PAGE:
An article published by AIS Health and reprinted from ACO Business News under the headline “ACOs Gain Wide Traction in Vermont as State Eyes Move to Single-Payer in 2017,” provides a fascinating glimpse of the fast-track future being built in the Green Mountain State. As the article notes, “Vermont is pushing full speed ahead on accountable care initiatives in both public and private health insurance markets as it experiments with cost-control measures to prepare for a shift to a single-payer system planned for just three years from now.”
The article goes on to note that “The state is in the final stages of contracting with two ACOs—OneCare Vermont, an ACO formed as a collaboration of Fletcher Allen Health Care and Dartmouth-Hitchcock, and Community Health Accountable Care LLC, a coalition of federally qualified health centers—to participate in a new Medicaid ACO program,” according to Kara Suter, director of payment reform for the Department of Vermont Health Access. What’s more, the state already has three accountable care organizations active in the Medicare Shared Savings Program (MSSP) for ACOs: the Accountable Care Coalition of the Green Mountains, started in July 2012; OneCare, which opened in January 2013; and Community Health Accountable Care LLC, starting in 2014.
The article goes on to quote healthcare provider executives eager to get in on the action, as the state transitions to a single-payer health insurance system in 2017. Now, realistically, it is unlikely that too many states will follow Vermont’s lead in precisely the same way. After all, Vermont is a very liberal state legislatively, and also has a very small, widely dispersed population, and little genuine poverty. In all those ways, it actually resembles some of the Nordic countries (Norway, Sweden, Denmark, Iceland, and Finland) more than it does many of the large, diverse states in the U.S.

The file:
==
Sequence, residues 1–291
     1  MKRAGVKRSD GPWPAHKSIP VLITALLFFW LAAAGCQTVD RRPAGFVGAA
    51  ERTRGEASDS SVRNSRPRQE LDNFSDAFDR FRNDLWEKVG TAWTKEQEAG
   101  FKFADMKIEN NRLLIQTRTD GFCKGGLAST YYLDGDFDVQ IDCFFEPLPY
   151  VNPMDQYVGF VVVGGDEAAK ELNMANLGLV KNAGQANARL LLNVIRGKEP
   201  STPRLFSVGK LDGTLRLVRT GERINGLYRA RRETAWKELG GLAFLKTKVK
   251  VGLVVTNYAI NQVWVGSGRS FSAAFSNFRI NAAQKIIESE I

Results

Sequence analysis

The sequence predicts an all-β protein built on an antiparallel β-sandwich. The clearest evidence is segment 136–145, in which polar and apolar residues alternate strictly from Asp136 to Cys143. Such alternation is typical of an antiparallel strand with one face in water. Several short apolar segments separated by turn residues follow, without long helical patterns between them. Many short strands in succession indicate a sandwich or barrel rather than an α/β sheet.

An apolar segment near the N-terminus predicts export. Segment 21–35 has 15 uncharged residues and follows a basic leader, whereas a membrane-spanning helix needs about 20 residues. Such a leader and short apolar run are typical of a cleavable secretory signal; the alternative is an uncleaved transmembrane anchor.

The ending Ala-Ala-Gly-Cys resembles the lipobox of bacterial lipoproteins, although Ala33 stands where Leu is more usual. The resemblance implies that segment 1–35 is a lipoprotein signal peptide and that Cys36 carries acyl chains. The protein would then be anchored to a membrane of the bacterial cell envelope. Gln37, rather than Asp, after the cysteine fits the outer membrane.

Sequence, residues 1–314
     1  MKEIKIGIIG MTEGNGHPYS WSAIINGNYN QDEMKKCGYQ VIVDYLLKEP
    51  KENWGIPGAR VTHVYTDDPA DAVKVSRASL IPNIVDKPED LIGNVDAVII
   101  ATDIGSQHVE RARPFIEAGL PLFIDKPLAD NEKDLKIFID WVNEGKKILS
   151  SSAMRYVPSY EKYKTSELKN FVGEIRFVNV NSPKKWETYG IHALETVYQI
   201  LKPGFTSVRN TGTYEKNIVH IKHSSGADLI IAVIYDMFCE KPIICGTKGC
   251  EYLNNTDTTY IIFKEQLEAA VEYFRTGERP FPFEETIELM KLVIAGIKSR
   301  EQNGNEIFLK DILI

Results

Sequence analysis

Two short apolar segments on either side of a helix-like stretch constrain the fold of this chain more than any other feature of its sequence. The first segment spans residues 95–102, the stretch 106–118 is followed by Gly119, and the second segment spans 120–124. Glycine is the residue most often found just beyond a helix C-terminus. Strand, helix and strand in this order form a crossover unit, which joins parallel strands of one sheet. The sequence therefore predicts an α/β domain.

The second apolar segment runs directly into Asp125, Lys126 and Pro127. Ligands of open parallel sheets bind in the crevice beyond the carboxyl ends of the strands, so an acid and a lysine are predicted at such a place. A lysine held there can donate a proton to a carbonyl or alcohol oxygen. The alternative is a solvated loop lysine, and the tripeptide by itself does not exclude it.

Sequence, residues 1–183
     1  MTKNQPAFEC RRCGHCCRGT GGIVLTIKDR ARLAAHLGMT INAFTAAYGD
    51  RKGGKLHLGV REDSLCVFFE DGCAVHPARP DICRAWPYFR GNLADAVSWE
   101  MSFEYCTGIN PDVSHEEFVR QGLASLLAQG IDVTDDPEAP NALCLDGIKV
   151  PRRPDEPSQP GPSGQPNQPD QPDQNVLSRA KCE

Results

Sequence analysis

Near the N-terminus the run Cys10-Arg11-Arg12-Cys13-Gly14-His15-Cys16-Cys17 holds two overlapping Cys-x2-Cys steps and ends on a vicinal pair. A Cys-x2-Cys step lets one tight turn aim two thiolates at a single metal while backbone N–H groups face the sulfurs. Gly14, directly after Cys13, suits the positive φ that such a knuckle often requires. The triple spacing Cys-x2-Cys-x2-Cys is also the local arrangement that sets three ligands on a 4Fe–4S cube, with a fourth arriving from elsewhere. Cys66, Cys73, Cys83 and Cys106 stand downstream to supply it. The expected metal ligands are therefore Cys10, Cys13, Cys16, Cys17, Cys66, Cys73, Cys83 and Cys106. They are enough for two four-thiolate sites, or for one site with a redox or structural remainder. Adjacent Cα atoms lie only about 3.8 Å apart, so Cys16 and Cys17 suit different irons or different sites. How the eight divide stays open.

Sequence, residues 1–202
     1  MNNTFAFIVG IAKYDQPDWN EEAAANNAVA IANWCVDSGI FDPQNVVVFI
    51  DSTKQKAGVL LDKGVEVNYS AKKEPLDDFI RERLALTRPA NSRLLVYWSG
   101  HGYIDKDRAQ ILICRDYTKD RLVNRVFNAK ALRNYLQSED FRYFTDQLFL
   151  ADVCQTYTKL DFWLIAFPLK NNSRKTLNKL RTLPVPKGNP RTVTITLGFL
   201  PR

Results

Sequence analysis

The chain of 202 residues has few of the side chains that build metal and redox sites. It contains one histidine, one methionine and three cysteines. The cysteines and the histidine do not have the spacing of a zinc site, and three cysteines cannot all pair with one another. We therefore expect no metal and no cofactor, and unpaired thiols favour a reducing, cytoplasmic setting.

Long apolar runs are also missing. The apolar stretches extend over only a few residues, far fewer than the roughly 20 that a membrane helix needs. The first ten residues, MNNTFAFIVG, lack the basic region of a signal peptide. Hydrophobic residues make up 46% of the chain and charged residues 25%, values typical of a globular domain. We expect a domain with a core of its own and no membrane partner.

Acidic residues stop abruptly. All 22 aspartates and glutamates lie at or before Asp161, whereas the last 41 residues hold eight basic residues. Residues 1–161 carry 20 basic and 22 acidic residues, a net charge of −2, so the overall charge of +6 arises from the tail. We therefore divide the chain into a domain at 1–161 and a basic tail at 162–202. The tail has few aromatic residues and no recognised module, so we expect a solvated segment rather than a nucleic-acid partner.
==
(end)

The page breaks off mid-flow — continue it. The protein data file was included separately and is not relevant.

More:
But what could be replicable from Vermont is this: a broader sense of collaboration among all stakeholder groups, as we in U.S. healthcare move forward to create not only specific accountable care organizations, but “accountable care” in the very broadest sense, in our healthcare industry. And because the Vermont healthcare community already has decades of experience with collaboration, what the Vermonters are learning could prove invaluable to healthcare leaders in other states.
One key element in all this, I’m certain, will be health information exchange. Fortunately, the Vermonters are already way ahead of the game on that front, too, with a statewide HIE that is up and functioning, and has the participation of virtually all the hospitals and most of the practicing physicians, in that state. The clinical data that is already beginning to be exchanged will of course be crucial to the success of all the initiatives going forward there, particularly in the context of a single-payer health system.
It will be fascinating to see how all this plays out in the next couple of years in Vermont. And to those naysayers who will immediate cite some of the uniquenesses of that state and its healthcare environment, I would say “not so fast”—what happens in Vermont may not necessarily just stay in Vermont. And I look forward to hearing from healthcare and healthcare IT leaders in the Green Mountain State in the next few years, as they create one version of healthcare’s future, in an environment that could prove to be a true “learning lab” for healthcare leaders nationwide.